A girlfriend was visiting at the ranch. It was cold and I thought it would be so awesome to have a fire. The fire is a gathering place. I may have the luxury of electric heat in my home but if there is a fire in the fireplace, that will be where we gather. To feel the heat, put more wood in, stir it around or just stare. I love a good fire.
Show me how you build a fire, my friend asked.
My son taught me the intricacies of fire building. He took me to his fort when he was a boy to demonstrate and I have been building it pretty much the same way since. My husband uses a torch and a propane tank. Very effective for a quick fire but the feeling of creation is lost for me.
My friend, Mary, wanted to learn how to build a fire in her fireplace at home so we set to gathering the supplies.
For my method, it’s newspaper twisted into tight rolls. On top of that, I place the kindling or small sticks, bark or a piece of “fat wood” Sometimes I might use a piece of fake log that will stay lit for several minutes. On top of that are a bit larger pieces of wood and when that has really caught and burning, I put a small log, very gently so as not to disrupt the fire in its beginning stages. I check back to tend it and keep it going but usually it takes on a life of its own and I can stand back and feel proud of myself once more. It’s never guaranteed that it will catch so each time feels like an accomplishment to me.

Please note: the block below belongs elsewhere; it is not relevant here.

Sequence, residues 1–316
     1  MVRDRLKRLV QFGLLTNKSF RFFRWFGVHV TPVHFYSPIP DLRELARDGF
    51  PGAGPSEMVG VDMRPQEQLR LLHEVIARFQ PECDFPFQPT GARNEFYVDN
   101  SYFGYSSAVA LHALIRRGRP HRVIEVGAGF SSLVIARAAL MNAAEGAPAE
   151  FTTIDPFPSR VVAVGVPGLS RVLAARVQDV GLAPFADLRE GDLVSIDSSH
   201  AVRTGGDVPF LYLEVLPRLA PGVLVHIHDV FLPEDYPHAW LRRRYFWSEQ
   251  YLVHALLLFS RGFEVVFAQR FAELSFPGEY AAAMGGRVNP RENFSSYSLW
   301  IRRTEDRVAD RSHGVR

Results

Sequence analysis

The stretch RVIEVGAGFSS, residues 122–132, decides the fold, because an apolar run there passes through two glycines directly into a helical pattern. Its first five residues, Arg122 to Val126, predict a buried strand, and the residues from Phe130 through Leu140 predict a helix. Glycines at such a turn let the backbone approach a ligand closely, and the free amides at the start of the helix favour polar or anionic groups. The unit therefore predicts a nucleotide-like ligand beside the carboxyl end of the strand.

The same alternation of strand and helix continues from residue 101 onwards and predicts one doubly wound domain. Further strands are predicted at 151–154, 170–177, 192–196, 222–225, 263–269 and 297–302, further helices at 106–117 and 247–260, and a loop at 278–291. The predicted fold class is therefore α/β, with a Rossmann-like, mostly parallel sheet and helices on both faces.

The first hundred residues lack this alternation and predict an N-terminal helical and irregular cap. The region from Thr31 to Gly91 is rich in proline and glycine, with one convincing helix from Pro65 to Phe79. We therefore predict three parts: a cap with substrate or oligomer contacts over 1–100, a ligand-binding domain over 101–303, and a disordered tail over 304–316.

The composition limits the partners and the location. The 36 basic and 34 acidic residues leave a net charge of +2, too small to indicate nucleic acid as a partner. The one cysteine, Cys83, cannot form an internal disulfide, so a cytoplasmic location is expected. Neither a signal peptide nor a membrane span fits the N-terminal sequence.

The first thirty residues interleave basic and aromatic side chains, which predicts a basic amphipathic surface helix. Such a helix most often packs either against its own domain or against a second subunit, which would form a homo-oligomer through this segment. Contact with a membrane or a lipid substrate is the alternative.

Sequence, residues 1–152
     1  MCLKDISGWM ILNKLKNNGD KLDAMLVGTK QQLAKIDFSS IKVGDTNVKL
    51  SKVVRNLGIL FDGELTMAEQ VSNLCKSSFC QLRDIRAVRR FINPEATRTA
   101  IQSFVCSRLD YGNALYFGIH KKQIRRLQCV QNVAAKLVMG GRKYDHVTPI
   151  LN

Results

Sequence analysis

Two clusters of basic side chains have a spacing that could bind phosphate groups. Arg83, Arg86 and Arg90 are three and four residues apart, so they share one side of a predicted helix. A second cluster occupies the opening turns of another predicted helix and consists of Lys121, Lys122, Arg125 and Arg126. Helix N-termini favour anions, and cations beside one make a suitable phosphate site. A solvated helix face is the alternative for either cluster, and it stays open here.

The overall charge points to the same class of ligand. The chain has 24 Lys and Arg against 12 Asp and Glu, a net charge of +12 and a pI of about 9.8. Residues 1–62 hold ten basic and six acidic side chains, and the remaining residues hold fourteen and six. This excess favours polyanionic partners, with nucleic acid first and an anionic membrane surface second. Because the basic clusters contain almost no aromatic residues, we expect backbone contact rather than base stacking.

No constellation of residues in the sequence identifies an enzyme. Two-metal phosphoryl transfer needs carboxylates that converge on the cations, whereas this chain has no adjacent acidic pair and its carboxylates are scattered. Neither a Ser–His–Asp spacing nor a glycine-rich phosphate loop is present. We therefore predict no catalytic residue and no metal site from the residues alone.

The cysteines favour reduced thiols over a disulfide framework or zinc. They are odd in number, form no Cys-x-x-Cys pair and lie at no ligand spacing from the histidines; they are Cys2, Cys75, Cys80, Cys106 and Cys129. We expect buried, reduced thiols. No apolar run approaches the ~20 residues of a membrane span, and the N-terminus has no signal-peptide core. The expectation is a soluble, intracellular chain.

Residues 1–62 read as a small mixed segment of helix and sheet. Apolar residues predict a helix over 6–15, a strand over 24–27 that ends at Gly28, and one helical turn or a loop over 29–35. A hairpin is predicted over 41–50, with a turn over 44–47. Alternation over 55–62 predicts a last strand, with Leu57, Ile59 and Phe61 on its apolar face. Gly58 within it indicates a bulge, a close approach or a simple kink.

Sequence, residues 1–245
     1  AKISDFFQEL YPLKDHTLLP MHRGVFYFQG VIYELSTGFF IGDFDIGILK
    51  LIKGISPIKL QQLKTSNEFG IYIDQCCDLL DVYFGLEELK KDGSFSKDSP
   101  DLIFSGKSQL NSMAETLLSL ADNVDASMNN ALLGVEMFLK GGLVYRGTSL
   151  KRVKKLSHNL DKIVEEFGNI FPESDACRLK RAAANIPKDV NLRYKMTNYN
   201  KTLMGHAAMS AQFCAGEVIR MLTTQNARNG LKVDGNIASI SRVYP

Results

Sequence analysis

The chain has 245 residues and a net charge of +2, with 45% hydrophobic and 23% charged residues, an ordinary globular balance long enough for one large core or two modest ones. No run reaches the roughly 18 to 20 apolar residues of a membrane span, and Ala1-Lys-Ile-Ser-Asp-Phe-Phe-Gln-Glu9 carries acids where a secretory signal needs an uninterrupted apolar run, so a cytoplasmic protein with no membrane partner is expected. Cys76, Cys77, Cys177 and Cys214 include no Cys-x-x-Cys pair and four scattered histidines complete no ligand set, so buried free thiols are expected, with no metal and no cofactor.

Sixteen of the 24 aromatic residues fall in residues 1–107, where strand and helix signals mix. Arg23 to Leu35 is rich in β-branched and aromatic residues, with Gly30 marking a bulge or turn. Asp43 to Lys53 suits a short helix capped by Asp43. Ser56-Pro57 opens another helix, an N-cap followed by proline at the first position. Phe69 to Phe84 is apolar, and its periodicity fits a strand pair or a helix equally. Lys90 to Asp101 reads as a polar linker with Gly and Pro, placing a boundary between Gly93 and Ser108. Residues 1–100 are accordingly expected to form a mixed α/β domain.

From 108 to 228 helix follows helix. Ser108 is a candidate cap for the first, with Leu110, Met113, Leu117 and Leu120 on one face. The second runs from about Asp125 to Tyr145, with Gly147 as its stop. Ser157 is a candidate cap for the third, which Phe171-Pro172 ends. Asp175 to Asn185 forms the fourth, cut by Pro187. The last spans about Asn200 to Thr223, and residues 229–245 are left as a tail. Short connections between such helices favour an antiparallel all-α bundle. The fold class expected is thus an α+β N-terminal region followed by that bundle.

I’m sure there are all kinds of tricks and maybe easier ways to create a fire. I read about them in Outside Magazine or some other survival magazine, now and then. But for the time being, this is how I taught Mary to make a fire. There is something so satisfying in knowing that I can make a fire and be warm…as long as I have a match.